Google Meet, Google’s newest video chat service, will soon be free for everyone. The service, which was previously locked behind G Suite, is open to anyone with a Google account.
Users will be able to access the service on meet.google.com or through the iOS and Android apps. Although the service is free now, it will not be forever. Google says after September 30, meetings will be limited to 60 minutes.
If you’ve never heard of “Google Meet” before, don’t feel bad. The brand didn’t appear until the beginning of the month, when Google quietly renamed “Google Hangouts Meet” to “Google Meet”. We previously wrote about Hangouts Meet, and it was launched in 2017 as a restart of Google’s corporate messaging suite, which included Hangouts Meet and Hangouts Chat. These two 2017 “Hangouts” enterprise products have nothing to do with the widely used and consumer-focused 2013 Google Hangouts chat app, which is still part of Gmail and has long been an Android app by default. Google claims to want to merge all Hangouts products, but you can never be sure of the future of Google’s disorganized messaging strategy.
Just like with its instant messaging strategy over the years, Google has really dropped the ball when it comes to video conferencing apps. Google’s first efforts in video chat started with Gmail video chat in 2008 and culminated in Google Hangouts video chat in 2013. Google has been in video chat for longer than most of its contemporary competitors (other than Skype), but a lack of focus and the constant need to stop a product and then launch a similar product under a different name has left the company running for years. If Google could focus and put massive corporate resources behind a single communications suite that is continually updated and maintained, it could have been an industry leader to date. Instead, Google Meet will be the third Google video chat service on the market, after Google Hangouts and Google Duo.
Employees of the company are also frustrated with Google’s market position. A recent New York Times article details how tech giants like Google and Facebook are chasing Zoom, and ends with a great anecdote:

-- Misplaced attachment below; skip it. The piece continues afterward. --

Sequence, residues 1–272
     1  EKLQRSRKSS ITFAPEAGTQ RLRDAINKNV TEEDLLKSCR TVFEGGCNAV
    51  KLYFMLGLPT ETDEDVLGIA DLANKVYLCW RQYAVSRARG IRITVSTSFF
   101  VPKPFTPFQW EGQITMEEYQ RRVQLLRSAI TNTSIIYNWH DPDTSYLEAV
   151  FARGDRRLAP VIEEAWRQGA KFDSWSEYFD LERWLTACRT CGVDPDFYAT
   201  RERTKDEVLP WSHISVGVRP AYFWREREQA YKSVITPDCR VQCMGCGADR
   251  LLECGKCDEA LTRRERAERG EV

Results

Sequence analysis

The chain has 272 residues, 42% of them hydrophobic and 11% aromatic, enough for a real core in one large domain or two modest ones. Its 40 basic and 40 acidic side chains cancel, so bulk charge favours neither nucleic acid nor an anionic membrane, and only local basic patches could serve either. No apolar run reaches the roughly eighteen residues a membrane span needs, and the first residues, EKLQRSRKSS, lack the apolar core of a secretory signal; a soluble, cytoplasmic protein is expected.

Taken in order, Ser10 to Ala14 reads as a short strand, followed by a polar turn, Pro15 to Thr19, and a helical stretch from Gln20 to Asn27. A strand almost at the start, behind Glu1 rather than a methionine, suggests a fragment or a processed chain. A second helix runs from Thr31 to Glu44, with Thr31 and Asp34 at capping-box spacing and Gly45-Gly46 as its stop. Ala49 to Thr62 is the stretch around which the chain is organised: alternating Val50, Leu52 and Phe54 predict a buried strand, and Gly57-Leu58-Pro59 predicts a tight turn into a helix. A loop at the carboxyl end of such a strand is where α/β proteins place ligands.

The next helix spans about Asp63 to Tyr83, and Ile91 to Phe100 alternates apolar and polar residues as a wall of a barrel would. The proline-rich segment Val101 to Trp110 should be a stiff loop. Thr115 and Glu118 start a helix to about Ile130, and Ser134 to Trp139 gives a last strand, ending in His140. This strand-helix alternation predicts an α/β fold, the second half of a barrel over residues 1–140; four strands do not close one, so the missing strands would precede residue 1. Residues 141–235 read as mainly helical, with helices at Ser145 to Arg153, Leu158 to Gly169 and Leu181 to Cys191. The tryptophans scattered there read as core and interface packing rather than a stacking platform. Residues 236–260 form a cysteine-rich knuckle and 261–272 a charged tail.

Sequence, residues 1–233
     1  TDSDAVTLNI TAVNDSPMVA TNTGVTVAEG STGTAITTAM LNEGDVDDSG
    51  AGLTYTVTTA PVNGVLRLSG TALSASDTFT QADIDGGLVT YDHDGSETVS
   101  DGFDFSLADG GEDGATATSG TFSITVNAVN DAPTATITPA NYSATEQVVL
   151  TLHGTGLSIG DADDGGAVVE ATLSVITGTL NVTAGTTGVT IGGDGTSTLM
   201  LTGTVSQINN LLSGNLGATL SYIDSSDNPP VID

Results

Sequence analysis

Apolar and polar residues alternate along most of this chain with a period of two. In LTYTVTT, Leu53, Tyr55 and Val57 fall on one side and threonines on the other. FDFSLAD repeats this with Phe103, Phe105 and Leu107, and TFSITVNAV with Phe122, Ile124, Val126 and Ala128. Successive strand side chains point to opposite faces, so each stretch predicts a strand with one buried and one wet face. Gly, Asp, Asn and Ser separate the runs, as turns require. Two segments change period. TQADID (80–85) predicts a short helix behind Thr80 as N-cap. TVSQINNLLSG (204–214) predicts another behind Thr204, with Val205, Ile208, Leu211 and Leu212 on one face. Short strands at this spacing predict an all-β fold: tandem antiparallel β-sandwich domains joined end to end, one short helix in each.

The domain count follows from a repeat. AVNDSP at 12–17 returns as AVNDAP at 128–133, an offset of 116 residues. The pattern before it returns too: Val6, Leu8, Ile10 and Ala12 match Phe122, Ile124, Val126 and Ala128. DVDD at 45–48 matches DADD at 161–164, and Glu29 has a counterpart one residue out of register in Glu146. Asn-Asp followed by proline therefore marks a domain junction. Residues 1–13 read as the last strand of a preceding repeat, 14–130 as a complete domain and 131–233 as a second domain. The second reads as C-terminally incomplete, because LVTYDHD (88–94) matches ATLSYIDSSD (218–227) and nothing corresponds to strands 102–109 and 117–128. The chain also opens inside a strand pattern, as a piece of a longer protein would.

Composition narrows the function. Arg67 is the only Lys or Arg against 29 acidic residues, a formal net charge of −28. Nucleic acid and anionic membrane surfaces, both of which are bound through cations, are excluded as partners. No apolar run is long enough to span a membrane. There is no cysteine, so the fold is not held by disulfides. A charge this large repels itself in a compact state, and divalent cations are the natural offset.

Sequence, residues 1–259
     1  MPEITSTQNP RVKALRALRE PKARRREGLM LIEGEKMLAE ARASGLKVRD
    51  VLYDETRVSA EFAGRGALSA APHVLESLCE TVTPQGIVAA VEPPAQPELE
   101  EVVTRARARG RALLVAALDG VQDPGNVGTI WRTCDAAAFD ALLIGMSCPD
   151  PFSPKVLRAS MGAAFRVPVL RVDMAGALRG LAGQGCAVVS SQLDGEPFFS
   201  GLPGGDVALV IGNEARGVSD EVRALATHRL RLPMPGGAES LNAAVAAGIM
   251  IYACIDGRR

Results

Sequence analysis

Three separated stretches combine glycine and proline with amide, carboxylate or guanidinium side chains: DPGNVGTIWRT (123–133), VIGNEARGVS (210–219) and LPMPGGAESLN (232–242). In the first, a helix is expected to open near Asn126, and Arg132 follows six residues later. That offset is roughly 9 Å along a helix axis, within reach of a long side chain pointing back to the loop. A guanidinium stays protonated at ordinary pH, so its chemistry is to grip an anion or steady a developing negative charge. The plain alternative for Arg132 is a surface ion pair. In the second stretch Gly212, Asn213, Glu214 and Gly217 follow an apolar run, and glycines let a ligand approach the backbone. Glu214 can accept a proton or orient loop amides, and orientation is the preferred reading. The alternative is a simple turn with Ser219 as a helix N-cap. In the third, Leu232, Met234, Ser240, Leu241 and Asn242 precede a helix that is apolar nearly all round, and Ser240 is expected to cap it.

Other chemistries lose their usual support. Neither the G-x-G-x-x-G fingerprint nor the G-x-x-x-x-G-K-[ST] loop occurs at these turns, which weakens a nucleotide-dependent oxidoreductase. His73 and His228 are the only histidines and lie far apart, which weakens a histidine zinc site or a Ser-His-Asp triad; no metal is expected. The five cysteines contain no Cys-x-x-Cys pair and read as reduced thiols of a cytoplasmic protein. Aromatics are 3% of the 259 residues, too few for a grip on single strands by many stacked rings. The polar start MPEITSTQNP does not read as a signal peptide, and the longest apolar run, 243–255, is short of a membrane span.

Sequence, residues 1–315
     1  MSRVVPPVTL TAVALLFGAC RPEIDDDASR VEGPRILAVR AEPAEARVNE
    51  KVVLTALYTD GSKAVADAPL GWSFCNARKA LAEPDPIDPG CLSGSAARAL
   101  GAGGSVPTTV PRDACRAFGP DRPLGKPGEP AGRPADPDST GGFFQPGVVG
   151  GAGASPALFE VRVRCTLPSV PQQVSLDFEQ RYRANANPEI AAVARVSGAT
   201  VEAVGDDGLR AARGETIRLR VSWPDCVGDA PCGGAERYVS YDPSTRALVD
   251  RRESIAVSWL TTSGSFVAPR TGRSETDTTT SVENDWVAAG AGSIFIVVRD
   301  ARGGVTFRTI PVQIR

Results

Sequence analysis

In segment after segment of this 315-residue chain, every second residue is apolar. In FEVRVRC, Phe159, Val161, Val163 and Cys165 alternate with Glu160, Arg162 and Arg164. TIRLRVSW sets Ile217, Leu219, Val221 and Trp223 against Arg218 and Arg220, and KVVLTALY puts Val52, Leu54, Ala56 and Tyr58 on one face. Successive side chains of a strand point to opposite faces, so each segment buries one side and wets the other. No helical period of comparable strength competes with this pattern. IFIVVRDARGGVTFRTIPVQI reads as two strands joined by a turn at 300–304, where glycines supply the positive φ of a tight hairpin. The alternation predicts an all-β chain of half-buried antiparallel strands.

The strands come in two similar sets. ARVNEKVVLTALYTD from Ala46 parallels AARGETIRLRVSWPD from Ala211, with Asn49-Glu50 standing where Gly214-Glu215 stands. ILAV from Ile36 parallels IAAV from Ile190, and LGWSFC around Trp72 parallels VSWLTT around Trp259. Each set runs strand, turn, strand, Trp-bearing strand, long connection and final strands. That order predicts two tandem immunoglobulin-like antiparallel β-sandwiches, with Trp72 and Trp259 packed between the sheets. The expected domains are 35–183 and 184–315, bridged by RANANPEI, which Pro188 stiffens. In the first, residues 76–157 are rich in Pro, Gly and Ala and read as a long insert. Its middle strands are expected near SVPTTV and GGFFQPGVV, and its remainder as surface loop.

Philipp Schindler, Google’s business manager, held a video conference with thousands of search giant employees using Google Meet at the end of last month, three people who attended the call said. During the session, an employee asked why Zoom had the biggest benefits when Google had long offered Meet.
Schindler tried to allay the engineer’s concerns, people said. Then her young son tripped over the camera and asked if his father was talking to his colleagues on Zoom. Mr. Schindler tried to correct it, but the boy went on to say how much he and his friends liked to use Zoom.
COVID-19’s on-site shelter requirements have prompted millions of people to turn to homework. This has led to a huge spike in video chat users, but the general availability of Google Meet already seems like it was too late to surf this wave of users. The homeworking trend started two months ago when Google Meet was still locked behind the GSuite payment wall. The zoom was ready and burst into public consciousness as a result. Right now, it looks like most people who are going to switch to a video chat app have already done so and have chosen Zoom.
Google also doesn’t have a strong argument for why someone would switch from Zoom. Google alludes to better security in its blog post, but neither Zoom nor Google Meet is end-to-end encrypted. Both are just “encrypted in transit,” which anyone using an HTTPS connection can claim. Your chat may be private from the wider Internet, but the service provider may be able to view your meeting data. Joining a meeting also requires a Google account, while Zoom allows you to join a meeting without any account. Zoom can secure a meeting with just one password, which gives it a much lower barrier to entry.
Like most Google launches, not everyone will have access to Google Meet immediately. Google says that Google Meet availability will be gradually rolled out to users “over the next few weeks.”